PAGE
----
He later went to a karaoke lounge, then drank four bottles of beer with a colleague at a furniture shop in Block 7, North Bridge Road, near his home.

Two hours later, as Mr Lew was walking towards his block, Lai, a complete stranger, told him to be careful as there were policemen around.

Mr Lew placed his arm on Lai and told him not to frighten him with the word 'police'. The two had an argument.

The DPP said Lai became angry as he had merely wanted to alert the intoxicated Mr Lew about police presence.

Lai went and retrieved a knife from his letterbox at Block 8, North Bridge Road, nearby, and confronted Mr Lew, who was waiting for the lift at Block 6, Beach Road.

It was about 2.30 am.

A resident saw the two facing each other and heard the victim say 'don't stab me' twice in Hokkien.

The witness also heard Lai swear and saw his hand move in a stabbing motion.

A few days after the fatal stabbing, Lai took a taxi to Johor, then boarded a flight to Bangkok where he stayed illegally for seven years.

He was arrested when he flew home with a forged passport he bought for $500.

Defence counsel Peter Low said in mitigation that his client was angry with the deceased because his well-meaning caution was met with insolence, assault and a direct and open challenge to his courage.

Mr Lew had claimed he was the headman of a secret society, counsel said.

He not only punched Lai but also provoked him by challenging to meet him at the next block, said the lawyer.

The court heard Mr Lew's blood-alcohol concentration was 226 mg of ethanol per 100 ml of blood.

Copyright (c) 2001 Singapore Press Holdings. All rights reserved. 

Corpun file 6531


The Straits Times, Singapore, 31 January 2001

Molest in the air

Jail and cane for airplane molester

By Wong Fei Wan

A COMPUTER engineer accused of molesting a woman seated next to him on board a Singapore Airlines flight was yesterday ordered to be given three strokes of the cane, on top of a year's jail sentence.

Claiming a sleeping disorder, Swarup is appealing against the sentence and conviction. - TERENCE TAN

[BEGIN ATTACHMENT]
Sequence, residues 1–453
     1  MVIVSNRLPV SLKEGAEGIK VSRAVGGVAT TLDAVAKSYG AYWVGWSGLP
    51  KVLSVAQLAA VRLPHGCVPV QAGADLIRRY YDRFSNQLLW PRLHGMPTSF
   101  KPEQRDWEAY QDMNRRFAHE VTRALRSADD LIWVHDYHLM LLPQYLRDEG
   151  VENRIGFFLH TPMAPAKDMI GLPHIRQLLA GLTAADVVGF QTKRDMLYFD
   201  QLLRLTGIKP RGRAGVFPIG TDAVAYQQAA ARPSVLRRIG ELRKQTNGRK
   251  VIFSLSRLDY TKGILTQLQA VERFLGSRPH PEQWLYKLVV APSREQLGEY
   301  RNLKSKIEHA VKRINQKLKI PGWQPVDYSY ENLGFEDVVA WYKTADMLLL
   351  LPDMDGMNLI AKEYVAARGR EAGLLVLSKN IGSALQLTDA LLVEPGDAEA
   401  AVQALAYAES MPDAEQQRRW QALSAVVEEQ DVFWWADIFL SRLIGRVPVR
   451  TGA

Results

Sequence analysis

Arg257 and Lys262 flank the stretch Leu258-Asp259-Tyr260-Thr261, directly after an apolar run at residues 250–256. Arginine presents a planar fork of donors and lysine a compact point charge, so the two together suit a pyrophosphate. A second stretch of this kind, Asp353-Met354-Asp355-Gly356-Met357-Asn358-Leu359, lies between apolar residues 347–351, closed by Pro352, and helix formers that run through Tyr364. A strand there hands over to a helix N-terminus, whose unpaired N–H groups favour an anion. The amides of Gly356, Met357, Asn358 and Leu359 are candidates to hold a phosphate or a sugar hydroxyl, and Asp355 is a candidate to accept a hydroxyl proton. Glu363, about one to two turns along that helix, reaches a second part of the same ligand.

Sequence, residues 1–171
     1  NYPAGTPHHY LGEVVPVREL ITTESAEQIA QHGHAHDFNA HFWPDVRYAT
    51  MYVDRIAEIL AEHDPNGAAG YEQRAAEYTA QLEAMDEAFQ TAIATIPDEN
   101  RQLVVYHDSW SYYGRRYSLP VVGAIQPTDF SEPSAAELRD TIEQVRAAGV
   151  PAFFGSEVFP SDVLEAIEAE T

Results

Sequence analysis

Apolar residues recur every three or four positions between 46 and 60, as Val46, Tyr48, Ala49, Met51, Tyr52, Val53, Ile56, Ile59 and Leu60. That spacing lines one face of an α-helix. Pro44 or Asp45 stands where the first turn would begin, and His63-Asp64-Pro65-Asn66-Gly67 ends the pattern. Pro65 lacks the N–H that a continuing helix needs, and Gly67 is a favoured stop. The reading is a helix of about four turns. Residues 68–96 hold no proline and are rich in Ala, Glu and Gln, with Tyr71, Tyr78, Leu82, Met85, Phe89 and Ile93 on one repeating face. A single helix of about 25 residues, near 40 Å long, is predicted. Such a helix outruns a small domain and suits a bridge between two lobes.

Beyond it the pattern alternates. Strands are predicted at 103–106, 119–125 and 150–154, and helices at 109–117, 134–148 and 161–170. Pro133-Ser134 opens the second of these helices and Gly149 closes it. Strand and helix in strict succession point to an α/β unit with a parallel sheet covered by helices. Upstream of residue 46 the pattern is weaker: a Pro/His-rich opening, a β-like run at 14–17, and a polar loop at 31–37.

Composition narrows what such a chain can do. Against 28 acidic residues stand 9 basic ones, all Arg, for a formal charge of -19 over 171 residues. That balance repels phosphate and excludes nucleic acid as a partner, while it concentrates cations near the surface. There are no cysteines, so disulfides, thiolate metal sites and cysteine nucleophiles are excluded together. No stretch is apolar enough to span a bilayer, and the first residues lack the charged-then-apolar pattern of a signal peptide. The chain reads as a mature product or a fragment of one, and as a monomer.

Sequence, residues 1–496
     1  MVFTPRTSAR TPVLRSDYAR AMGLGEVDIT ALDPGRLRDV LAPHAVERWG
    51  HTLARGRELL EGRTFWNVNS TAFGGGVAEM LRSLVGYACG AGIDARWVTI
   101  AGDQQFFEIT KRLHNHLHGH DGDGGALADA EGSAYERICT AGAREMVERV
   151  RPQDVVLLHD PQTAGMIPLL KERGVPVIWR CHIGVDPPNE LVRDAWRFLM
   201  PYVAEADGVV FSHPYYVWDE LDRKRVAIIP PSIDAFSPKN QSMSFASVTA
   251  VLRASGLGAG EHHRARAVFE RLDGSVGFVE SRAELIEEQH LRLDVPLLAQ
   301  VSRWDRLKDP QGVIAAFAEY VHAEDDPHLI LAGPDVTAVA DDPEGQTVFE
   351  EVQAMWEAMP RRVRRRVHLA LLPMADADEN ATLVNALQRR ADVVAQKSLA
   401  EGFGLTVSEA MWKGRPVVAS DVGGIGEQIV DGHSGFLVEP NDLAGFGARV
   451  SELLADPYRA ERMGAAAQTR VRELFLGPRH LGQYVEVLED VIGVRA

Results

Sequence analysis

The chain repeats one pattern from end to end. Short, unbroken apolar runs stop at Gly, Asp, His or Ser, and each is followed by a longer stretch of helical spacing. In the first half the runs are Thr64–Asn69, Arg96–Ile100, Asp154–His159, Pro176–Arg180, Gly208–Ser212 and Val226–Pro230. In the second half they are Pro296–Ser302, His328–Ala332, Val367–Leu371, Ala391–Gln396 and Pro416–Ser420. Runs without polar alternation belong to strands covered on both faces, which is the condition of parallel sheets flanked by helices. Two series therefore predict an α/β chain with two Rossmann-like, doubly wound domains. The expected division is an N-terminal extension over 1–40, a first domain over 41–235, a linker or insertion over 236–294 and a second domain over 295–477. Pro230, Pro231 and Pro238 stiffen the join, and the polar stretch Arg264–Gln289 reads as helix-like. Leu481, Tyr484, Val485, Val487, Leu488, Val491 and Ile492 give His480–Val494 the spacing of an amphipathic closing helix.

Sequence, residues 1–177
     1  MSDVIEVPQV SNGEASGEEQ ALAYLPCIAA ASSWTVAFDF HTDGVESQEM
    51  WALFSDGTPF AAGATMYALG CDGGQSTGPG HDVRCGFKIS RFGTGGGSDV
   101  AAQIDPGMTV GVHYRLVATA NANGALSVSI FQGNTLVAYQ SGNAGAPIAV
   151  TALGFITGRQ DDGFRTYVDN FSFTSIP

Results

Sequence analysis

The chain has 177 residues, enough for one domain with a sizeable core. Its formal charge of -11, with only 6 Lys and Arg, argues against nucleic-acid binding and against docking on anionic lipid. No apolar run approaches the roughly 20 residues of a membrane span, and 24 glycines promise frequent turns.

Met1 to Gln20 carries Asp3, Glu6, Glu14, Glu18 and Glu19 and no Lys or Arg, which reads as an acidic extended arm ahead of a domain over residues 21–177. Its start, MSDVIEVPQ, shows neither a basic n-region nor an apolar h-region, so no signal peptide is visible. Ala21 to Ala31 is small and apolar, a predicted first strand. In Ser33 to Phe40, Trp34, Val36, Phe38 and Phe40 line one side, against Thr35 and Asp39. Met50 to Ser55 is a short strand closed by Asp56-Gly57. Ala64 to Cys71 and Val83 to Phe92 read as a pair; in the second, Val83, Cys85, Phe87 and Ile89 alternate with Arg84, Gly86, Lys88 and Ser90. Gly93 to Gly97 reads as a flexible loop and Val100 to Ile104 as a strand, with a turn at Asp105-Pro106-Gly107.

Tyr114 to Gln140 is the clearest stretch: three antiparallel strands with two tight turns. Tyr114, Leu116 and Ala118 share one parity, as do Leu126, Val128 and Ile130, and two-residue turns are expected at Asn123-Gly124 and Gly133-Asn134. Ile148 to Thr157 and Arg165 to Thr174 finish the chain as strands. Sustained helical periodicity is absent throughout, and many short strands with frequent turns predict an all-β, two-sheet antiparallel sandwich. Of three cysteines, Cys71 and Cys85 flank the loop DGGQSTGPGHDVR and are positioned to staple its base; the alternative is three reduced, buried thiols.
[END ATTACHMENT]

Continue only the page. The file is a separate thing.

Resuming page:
Swarup Das, 27, was found guilty by a district court of touching the 32-year-old woman's groin and slipping his right hand under her dress to stroke her private parts while she was asleep.

He is appealing against both the sentence and conviction.

District Judge Hoo Sheau Peng said Swarup's evidence that he was sleeping when he accidentally touched the woman was 'hard to believe'.

Swarup, an Indian national, had earlier said that he had raised the armrest which separated him from the woman because he wanted to sleep more comfortably. He added that he had put a pillow between the seats.

He also demonstrated in court how he had placed his right elbow on the pillow and rested his head on his right palm before dozing off.

But the judge did not believe him. He said that as Swarup was tall, the final sleeping position which he demonstrated to the court was 'incredible' and stretched the imagination.

Earlier, a doctor testified that Swarup suffered a mild sleep disorder and could display a lot of leg and hand movements in his sleep.

The judge did not accept the defence's argument that Swarup had hiked up the woman's dress with his legs unintentionally.

This was because, District Judge Hoo added, the victim would have been awakened by Swarup's 'kicking and thrusting movements'.

Besides, the blanket covering the woman's feet was still in place, even though her dress had been lifted up to her thigh area.

The judge said that the woman was a reliable witness and there was no reason for her to frame Swarup as they were total strangers.

The woman and her friend had boarded the Singapore-bound plane in San Francisco on Sept 8 last year. She was seated between her friend and Swarup, who was next to the window.

Both women covered themselves with blankets before going to sleep.

The woman said she was awakened when she felt something resting heavily on her groin. It was Swarup's right hand.

Thinking it was an accident, she lifted his hand and pushed it back to his side of the seat.

But about 30 minutes later, she was again awakened when she felt one of Swarup's fingers slipping into her panties and touching her. She grabbed Swarup's hand immediately and flung it away from her.

Both women were transferred to seats reserved for cabin crew after the woman's friend informed a stewardess about the incident.

Swarup is out on bail of $15,000.

Copyright 2001 Singapore Press Holdings. All rights reserved.